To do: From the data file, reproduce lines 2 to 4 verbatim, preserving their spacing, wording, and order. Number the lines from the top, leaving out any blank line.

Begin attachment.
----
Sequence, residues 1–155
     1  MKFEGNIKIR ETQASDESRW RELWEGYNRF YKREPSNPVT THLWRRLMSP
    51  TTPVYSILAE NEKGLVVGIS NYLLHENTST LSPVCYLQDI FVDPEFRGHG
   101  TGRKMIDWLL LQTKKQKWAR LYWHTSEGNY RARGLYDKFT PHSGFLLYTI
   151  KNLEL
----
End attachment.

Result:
     1  MKFEGNIKIR ETQASDESRW RELWEGYNRF YKREPSNPVT THLWRRLMSP
    51  TTPVYSILAE NEKGLVVGIS NYLLHENTST LSPVCYLQDI FVDPEFRGHG
   101  TGRKMIDWLL LQTKKQKWAR LYWHTSEGNY RARGLYDKFT PHSGFLLYTI